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have landed on top of a Ruhr steelworks chimney. He may have landed on the end of a pitchfork wielded by someone like those old men who tried to reach me in the street along which I was frogmarched after capture, but he was never heard of again. Margaret and I had the sad job of receiving his young widow, Hilda Frost, at High Wycombe when we eventually moved back there in October 1945.


Alf Green was back in England before any of us. His mother, in one of her letters to Margaret, told how he had landed heavily, hurt his back and damaged his face and nose. He had been hospitalised by the Germans and his hospital overrun by the Allies in the early days of his captivity. He recounted that he had no recollection of how he got out of the Halifax. I never told him.


* * * * * I


have often wondered how different life might have been without World War II. Those five and a half years must have done something to me, or perhaps for me, which nothing else could have done, not to mention their effect on the rest of the family. At home they had put up with lots of little, but persistent hardships – rationing, no luxuries, growing up without knowing even what a banana was, coping with poor transport, poor heating, blackout and the constant threat of enemy action, grandma Davies laying her hands on the sugar allowance and, in general, not much fun for anybody!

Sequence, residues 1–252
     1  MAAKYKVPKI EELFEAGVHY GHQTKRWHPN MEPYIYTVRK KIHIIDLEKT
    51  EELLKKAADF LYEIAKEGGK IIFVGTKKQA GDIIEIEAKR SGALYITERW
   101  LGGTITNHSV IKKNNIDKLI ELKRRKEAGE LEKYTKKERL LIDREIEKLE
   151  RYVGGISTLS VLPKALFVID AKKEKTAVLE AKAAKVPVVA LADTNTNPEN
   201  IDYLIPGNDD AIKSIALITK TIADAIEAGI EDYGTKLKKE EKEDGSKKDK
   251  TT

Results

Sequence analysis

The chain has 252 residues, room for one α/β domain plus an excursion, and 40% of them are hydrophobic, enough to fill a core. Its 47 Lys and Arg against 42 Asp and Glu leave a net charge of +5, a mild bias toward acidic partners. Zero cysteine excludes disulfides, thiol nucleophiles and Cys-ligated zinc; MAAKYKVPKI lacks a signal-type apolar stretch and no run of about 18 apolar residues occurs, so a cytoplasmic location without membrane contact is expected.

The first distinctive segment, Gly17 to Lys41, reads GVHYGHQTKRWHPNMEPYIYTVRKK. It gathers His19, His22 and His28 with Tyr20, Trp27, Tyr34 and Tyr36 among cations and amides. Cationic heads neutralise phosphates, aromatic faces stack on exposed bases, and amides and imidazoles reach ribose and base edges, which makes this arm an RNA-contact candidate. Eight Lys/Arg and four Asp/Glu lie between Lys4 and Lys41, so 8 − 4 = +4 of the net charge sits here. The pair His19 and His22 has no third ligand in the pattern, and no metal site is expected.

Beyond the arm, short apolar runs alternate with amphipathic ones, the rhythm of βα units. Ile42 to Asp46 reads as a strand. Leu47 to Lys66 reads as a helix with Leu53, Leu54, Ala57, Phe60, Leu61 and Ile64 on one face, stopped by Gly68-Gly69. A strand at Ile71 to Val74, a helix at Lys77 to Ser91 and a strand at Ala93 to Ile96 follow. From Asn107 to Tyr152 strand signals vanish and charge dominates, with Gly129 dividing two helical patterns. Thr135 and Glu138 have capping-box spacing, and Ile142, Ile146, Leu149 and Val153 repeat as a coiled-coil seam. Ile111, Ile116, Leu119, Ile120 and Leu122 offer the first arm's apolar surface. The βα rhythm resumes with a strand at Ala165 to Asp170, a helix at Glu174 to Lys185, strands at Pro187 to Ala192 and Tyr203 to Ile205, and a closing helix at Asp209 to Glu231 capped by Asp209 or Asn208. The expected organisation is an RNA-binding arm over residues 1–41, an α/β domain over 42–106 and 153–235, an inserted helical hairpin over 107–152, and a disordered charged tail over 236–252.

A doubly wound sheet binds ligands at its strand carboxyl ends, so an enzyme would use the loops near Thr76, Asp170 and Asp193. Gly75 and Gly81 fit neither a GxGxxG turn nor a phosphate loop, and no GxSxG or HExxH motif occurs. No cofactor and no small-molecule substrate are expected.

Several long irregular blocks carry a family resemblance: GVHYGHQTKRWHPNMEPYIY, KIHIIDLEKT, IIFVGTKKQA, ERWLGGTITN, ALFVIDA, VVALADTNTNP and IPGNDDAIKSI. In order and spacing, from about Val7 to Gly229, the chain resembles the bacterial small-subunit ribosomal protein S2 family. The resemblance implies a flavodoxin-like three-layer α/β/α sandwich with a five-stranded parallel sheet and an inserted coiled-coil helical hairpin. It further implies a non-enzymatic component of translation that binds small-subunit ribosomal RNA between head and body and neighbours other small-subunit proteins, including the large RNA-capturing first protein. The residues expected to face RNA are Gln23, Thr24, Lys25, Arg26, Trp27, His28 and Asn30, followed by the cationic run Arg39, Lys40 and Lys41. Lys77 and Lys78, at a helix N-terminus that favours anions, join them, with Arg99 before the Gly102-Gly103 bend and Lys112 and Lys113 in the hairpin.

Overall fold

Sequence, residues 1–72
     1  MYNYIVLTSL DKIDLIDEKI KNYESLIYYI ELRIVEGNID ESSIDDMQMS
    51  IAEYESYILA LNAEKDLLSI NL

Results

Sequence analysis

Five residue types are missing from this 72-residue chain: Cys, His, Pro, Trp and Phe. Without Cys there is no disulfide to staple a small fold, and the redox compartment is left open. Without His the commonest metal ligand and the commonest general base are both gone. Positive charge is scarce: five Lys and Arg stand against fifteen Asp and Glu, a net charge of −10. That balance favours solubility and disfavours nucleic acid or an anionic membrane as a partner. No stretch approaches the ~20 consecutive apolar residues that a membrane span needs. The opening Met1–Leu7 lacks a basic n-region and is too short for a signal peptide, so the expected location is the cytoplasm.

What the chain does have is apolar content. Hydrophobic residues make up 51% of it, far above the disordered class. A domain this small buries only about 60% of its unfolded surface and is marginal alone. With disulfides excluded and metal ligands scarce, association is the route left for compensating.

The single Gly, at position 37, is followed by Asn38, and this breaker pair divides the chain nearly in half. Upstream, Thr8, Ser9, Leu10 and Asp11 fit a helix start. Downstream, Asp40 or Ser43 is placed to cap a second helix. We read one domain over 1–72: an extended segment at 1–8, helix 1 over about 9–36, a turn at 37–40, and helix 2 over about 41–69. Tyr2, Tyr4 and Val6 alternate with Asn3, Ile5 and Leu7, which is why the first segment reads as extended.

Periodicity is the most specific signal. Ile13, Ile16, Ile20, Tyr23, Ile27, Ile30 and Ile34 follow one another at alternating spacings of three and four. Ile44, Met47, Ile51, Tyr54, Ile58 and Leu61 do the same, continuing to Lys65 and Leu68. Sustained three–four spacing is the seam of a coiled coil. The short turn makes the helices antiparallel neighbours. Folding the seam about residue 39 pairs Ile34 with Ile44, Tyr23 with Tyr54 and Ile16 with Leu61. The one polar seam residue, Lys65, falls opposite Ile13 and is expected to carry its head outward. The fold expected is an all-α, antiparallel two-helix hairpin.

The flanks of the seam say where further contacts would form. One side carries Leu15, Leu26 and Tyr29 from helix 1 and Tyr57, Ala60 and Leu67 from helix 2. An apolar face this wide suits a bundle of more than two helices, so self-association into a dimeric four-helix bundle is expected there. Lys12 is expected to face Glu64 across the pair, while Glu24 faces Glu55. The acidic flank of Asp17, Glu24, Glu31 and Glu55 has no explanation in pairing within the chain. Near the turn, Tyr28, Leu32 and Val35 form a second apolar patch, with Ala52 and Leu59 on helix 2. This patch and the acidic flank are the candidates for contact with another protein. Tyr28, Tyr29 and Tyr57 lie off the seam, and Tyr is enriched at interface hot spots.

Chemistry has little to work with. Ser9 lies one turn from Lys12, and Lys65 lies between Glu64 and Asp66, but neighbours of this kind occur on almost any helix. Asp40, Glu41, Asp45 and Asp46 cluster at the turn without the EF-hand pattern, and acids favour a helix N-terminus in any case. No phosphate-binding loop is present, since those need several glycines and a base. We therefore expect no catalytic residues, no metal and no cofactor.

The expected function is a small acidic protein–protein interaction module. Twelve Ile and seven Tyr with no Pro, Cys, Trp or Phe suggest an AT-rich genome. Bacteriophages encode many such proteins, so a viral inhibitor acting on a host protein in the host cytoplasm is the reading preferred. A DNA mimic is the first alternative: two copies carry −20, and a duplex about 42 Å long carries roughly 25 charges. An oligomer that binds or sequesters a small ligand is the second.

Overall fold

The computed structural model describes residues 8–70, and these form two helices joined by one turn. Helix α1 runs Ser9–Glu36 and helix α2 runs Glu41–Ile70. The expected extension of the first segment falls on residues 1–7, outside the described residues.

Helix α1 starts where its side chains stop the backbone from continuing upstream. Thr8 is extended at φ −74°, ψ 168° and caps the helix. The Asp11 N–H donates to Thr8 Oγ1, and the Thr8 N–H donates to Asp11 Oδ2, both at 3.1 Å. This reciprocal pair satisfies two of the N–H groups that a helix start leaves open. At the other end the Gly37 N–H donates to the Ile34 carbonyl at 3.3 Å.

For me, there had been little to be called hardship or even discomfort until those last weeks. I had loved my flying. I had never understood, and never will, how some young men seemed to prefer the damp ditch, heavy rifle existence of the infantryman; the discomfort of a heaving destroyer ploughing through a stormy, cold ocean. Why should anyone who had the chance of flying like a bird opt for anything except the Royal Air Force? Flying is, simply, beautiful. To be up there above the clouds, above them in the moonlight alone in a single- engined aeroplane with no radio, is an experience which has its own, unique beauty. There is nothing between you and God. And the thrill of the perfect roll off the top of a loop, either by day or by night; the satisfaction of seeing the destination right in front of you dead on your ETA; the sheer delight of the scenes below as you fly over Scafell or along the inlets of the southern Scottish coast; the Rhodesian sun rising twice above the clear African horizon; these are what flying is all about. To be able to handle the machines which made it all possible is what made it, for me, the only way to fight the War. My time as an instructor should perhaps have been a bit boring. But it never was. The variety of the types I met and tried to teach to fly; the concentration I always felt able to give to improving my own technique and demonstrations; the joys of low flying when speed was reality; these are what my own flying was all about.


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